NPE as well as Null check free code ... Really ?

NPE as well as Null check free code … Really ?

NPE

Is this how your Java code review start ? NPE is always nightmare for a Java developer. Lets not discussion to much and jump on an usual Java code snippet

public interface Service {  
    public boolean switchOn(int timmer);
    public boolean switchOff(int timmer);
    //Other controls 
}
public class RefrigeratorService implements Service {
// ...
}
public class HomeServices {
    private static final int NOW = 0;
    private static HomeServices service;

    public static HomeServices get() {
        //Null Check #1
        if(service == null) {
            service = new HomeServices();
        }
        return service;
    }

    public Service getRefrigertorControl() {
        return new RefrigeratorService();
    }

    public static void main(String[] args) {
        /* Get Home Services handle */
        HomeServices homeServices = HomeServices.get();
        //Null Check #2
        if(homeServices != null) {
            Service refrigertorControl = homeServices.getRefrigertorControl();
            //Null Check #3
            if (refrigertorControl != null) {
                refrigertorControl.switchOn(NOW);
            }
        }
    }
}

Above few lines of code snippet has multiple null checks, of-course to make it robust against all possible cases. Well that is necessary but is there any better way … ? It was so often that I uses Eclipse template to surround piece of code with if condition for null check

Eclipse template for NPE check

Is there any better way ?

Well Yes !!!.
Java 8 has introduced java.util.Optional<T> . It is a container that may or may not hold non-null value. Java 8 have given safer way to handle object whose value may be null in some of the cases. It is inspired from the ideas of Haskell and Scala.

In a nutshell, the Optional class includes methods to explicitly deal with the cases where a value is present or absent. However, the advantage compared to null references is that the Optional<T> class forces you to think about the case when the value is not present. As a consequence, you can prevent unintended null pointer exceptions.

In above example we have home service factory that returns handle to multiple appliances available in the home. But these services may or may not available/functional, it means it may result NullPointerException. Instead of adding null if condition before using any service, let wrap it in to Optional<Service>.

Wrapping to Option<T>

Lets consider method to get reference of service from factory, instead of returning the service reference wrap it with Optional. It let the API user know that the returned service may or may not available/functional, use defensively

public Optional<Service> getRefrigertorControl() {
    Service s = new  RefrigeratorService();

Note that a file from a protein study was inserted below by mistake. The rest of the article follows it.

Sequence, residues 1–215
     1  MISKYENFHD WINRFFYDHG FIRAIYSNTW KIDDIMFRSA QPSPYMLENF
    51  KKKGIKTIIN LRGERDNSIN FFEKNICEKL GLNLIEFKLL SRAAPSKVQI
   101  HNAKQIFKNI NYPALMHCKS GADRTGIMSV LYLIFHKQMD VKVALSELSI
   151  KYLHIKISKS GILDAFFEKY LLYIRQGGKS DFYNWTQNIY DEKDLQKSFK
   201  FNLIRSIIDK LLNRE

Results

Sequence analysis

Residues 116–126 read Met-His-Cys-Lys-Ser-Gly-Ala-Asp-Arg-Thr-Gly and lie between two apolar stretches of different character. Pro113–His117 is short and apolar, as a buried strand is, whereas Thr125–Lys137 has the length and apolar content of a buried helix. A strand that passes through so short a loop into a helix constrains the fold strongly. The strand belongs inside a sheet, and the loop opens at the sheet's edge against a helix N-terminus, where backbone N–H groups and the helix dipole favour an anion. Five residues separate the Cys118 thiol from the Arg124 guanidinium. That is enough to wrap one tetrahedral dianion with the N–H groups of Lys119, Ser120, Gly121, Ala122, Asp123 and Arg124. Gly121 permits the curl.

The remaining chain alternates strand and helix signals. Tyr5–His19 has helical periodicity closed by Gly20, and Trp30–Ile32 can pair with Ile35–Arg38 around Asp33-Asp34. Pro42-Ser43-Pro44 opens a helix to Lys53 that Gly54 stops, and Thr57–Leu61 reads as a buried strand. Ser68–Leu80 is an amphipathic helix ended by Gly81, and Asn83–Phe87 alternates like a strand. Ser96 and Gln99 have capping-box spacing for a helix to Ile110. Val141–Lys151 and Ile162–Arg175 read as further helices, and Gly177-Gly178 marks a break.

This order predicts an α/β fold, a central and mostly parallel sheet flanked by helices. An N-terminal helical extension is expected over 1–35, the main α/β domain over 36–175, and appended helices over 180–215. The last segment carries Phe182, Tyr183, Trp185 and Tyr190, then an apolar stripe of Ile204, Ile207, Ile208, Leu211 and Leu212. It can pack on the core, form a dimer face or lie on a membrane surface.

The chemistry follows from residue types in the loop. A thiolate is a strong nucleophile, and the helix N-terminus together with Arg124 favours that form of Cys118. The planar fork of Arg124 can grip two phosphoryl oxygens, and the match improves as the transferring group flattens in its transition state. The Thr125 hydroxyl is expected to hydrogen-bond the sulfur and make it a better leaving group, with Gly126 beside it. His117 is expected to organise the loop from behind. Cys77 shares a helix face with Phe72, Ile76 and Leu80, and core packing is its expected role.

//...
    return Optional.ofNullable(s);
}

As you see Optional.ofNullable() provides easy way to get the reference wrapped. There are another ways to get reference of Optional , either Optional.empty() & Optional.of(). One for returning empty object instead of retuning null and other to wrap non-nullable object, respectively.

So how exactly it helps to avoid null check ?

Once you have wrapped reference object, Optional provide may useful methods to invoke methods on wrapped reference without NPE.

Optional ref = homeServices.getRefrigertorControl();
ref.ifPresent(HomeServices::switchItOn);

Optional.ifPresent invoke the given Consumer with reference if it is non-null value otherwise does nothing.

@FunctionalInterface
public interface Consumer<T>
Represents an operation that accepts a single input argument and returns no result. Unlike most other functional interfaces, Consumer is expected to operate via side-effects.

It is so clean and easy to understand. In the above code example, HomeService.switchOn(Service) gets invoked if the Optional holding reference is non-null.

We user ternary operator very often for checking null condition and return alternative value or default value. Optional provides another way to handle same condition without checking null. Optional.orElse(defaultObj)returns defaultObj if the Optional has null value. Lets use this in our sample code

public static Optional<HomeServices> get() {
    service = Optional.of(service.orElse(new HomeServices()));
    return service;
}

Now HomeServices.get() does same thing but in better way. It checks whether the service is already initialize of not. If it is then return same or create new New service. Optional<T>.orElse(T) helps to return default value.

Finally here is our NPE as well as null check free code

import java.util.Optional;
public class HomeServices {
    private static final int NOW = 0;
    private static Optional<HomeServices> service;

    public static Optional<HomeServices> get() {
        service = Optional.of(service.orElse(new HomeServices()));
        return service;
    }

    public Optional<Service> getRefrigertorControl() {
        Service s = new  RefrigeratorService();
        //...
        return Optional.ofNullable(s);
    }

    public static void main(String[] args) {
        /* Get Home Services handle */
        Optional<HomeServices> homeServices = HomeServices.get();
        if(homeServices != null) {
            Optional<Service> refrigertorControl = homeServices.get().getRefrigertorControl();
            refrigertorControl.ifPresent(HomeServices::switchItOn);
        }
    }

    public static void switchItOn(Service s){
        //...
    }
} 

Source :
http://www.oracle.com/technetwork/articles/java/java8-optional-2175753.html
Cartoon Image source : http://geek-and-poke.com/

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